This was one reason why Britain was so willing to entertain the idea of and even allow revision of the Treaty of Versailles, especially if it redressed “legitimate” grievances. Another factor was the extreme anti-German sentiments of the French government. France wanted a permanently weakened Germany, which would allow the French to be the dominant power on the Continent. This was exactly counter to what the British wished to achieve; that being a return to some semblance of the balance of power that existed in Europe prior to the onset of the First World War. One event that hardened British attitudes against the French and increased sympathy for the German desire for revision of Versailles, occurred in 1923. Germany was struggling to make the reparation payments required of her under the treaty. In late 1922, Germany’s anemic economy caused them to default on the payments. Outraged, French premier Raymond Poincare, in direct violation of the Treaty of Versailles I might add, ordered the immediate military occupation of the Ruhr as a means of forcing Germany to pay up. This move almost caused a total break in British-French relations and created even more bitterness to grow in Germany.

German foreign policy during the Weimar Republic was very straightforward; negotiate as many revisions to the terms of Versailles as possible. Gustav Stresemann, who served as Germany’s foreign minister from 1924 to 1929, made repeated attempts to work with the French and British to accomplish exactly that. His overall strategy was to make it clear to both countries that Germany would never fully accept the new borders laid out by the treaty, particularly in the east. With the signing of the Locarno Treaty in 1925, the way seemed to be paved for Germany to be able to work more effectively for revision. Locarno allowed German entry to the League of Nations, which would in turn permit Germany to seek treaty revisions within that framework. Germany agreed to honor the western borders and give up claims to Alsace-Lorraine. In return, France would end her occupation of the Rhineland five years earlier than required by Versailles. The borders to the east were left an open question, which Stresemann felt was most beneficial to Germany. It seemingly gave Germany a free hand to resolve those territorial issues on her own without British interference.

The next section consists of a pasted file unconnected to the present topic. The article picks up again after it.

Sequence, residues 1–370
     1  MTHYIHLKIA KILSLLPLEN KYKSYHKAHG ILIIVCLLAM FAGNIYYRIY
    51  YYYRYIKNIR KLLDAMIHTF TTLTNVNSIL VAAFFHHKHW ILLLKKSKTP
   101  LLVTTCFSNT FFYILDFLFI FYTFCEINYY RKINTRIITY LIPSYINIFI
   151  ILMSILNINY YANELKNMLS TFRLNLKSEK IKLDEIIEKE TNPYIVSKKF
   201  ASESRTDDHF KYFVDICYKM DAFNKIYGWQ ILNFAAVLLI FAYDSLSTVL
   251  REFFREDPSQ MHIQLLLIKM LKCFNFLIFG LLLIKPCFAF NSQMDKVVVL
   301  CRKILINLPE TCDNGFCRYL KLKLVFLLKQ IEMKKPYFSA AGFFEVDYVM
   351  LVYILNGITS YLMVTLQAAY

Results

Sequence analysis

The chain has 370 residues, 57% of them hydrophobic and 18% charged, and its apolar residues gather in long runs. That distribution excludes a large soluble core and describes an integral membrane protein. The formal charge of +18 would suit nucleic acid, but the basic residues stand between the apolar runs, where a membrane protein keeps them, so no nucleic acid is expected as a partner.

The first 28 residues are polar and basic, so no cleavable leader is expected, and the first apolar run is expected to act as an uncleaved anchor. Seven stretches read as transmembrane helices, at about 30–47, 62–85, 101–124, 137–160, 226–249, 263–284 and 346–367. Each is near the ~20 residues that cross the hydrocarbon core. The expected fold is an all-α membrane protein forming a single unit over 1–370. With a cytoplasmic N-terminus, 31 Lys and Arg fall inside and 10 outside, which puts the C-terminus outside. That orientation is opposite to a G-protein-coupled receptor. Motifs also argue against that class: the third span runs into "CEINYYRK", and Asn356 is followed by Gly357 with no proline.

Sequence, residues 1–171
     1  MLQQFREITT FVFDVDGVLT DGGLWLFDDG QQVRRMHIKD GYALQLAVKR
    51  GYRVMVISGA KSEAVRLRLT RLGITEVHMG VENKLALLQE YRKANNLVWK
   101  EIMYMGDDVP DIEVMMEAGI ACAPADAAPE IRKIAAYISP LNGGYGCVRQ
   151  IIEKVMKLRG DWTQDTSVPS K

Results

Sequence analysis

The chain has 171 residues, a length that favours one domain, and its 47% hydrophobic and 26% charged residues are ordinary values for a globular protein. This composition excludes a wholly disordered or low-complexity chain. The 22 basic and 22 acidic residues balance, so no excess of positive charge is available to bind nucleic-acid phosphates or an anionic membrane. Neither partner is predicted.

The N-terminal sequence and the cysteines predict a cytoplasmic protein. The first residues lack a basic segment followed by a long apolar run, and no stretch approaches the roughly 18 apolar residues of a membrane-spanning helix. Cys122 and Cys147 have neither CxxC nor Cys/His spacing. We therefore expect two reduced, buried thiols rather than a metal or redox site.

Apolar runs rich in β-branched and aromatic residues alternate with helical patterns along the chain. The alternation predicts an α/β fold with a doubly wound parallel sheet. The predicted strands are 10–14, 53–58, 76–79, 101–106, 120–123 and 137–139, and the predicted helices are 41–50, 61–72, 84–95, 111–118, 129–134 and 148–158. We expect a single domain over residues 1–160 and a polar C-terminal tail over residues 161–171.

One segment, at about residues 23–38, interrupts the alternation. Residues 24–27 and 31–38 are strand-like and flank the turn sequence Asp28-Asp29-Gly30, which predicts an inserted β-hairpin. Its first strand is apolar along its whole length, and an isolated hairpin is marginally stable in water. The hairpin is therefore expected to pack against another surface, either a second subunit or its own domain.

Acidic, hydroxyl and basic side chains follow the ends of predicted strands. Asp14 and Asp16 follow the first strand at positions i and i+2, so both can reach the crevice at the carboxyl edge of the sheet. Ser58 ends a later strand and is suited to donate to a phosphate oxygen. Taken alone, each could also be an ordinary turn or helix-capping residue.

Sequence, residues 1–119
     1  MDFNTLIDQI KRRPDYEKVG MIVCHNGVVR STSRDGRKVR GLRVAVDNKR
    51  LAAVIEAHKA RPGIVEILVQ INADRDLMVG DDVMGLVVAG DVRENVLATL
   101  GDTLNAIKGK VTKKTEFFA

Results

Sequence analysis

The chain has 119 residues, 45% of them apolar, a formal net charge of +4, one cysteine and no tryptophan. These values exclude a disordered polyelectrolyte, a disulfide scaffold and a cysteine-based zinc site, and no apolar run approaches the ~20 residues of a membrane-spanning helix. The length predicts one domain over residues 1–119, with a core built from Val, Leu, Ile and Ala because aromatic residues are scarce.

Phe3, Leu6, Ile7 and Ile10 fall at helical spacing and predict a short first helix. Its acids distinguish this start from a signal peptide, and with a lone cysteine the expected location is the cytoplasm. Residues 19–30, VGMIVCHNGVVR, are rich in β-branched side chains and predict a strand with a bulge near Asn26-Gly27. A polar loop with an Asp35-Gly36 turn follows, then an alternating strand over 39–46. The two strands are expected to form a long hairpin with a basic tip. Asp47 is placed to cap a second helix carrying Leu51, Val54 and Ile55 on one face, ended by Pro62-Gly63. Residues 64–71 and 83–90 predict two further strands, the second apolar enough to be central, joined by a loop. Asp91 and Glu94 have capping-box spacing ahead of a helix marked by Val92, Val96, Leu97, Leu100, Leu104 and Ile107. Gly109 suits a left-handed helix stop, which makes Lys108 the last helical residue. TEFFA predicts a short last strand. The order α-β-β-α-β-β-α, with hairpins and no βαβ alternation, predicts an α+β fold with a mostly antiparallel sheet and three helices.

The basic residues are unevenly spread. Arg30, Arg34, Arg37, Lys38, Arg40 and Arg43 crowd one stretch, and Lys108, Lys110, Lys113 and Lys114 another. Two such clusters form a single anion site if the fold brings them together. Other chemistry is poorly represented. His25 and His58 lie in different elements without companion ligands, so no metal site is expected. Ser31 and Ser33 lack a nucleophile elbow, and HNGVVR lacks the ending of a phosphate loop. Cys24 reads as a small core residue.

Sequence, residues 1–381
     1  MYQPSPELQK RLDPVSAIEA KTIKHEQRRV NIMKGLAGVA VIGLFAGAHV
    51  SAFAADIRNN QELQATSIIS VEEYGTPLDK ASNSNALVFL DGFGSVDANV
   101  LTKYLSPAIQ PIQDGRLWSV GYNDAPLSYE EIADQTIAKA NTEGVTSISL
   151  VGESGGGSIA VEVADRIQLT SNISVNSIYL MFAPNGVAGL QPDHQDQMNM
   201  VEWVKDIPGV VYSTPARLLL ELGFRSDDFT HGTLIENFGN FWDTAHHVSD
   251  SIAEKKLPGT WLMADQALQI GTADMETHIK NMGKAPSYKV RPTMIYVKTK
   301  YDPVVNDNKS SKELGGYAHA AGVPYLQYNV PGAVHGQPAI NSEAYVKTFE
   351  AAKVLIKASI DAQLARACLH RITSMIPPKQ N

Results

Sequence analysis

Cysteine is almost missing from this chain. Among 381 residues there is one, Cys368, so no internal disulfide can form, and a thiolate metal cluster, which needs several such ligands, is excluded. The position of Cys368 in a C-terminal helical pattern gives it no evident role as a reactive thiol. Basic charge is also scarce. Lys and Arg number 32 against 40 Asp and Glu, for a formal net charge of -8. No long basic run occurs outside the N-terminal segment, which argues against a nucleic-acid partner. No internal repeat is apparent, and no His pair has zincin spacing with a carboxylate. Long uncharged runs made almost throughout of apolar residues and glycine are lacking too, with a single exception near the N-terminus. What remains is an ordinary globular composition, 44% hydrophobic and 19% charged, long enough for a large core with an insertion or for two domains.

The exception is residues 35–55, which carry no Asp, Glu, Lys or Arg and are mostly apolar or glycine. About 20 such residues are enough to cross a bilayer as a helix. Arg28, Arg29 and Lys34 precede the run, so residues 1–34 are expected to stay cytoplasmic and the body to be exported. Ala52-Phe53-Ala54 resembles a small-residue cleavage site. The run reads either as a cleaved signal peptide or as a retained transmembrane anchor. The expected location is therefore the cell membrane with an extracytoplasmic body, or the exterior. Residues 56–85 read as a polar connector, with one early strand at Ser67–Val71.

When taken altogether, you can see just how closely British and German foreign policy objectives paralleled each other, even after the ascendancy of Hitler. History has led most to believe that Hitler’s “demands” were outrageous and should have been seen by the British (but more specifically, Neville Chamberlain) as a prelude to war. Instead, they were viewed at the time to be nothing more than a continuation of the foreign policy objectives first put forth by the Weimar Republic and Gustav Stresemann. This was a completely logical and reasonable deduction made by Chamberlain since it was based on a ten year record of diplomatic interaction between the two nations. But since this context is largely absent from the basic discussions one usually sees regarding appeasement, Chamberlain is almost universally characterized (wrongly) as at best, a naïve fool, and at worst, a coward.

It is also interesting that so many people today cling to the Treaty of Versailles as if it were some holy, inviolate document that should have been followed to the “T”, and which did not allow for any revision of terms on Germany’s part. This ignores some key facts. First and foremost, the architects of the treaty were well aware that it was a deeply flawed document. It had strayed considerably from Woodrow Wilson’s “Fourteen Points”, which the Germans had been led to believe would be the basis of any peace treaty they would be asked to sign. Many predicted the terms set down in the treaty would cause economic ruin in Germany and create longstanding acrimony between all the parties involved. The treaty enshrined the right of “self determination” for all peoples, but it then turned around and denied that right to the people of Austria and the German populations of the Sudeten, Memel, and Danzig. The restrictions on German rearmament were predicated on the disarmament of the powers that she fought against. Yet other than the “Washington Naval Treaty” and the “London Naval Treaty”, no serious disarmament agreements were reached on the part of the major European powers. The “World Disarmament Conference” that was held in Geneva from 1932 to 1934 was the last attempt to live up to the spirit of Versailles. Germany sought military parity with the other great powers. Britain was supportive of this move but France was dead set against it. It was the failure to achieve “equality” in military power through negotiation that led Hitler to withdraw Germany from the conference and the League, and set Germany on the path to unilateral rearmament.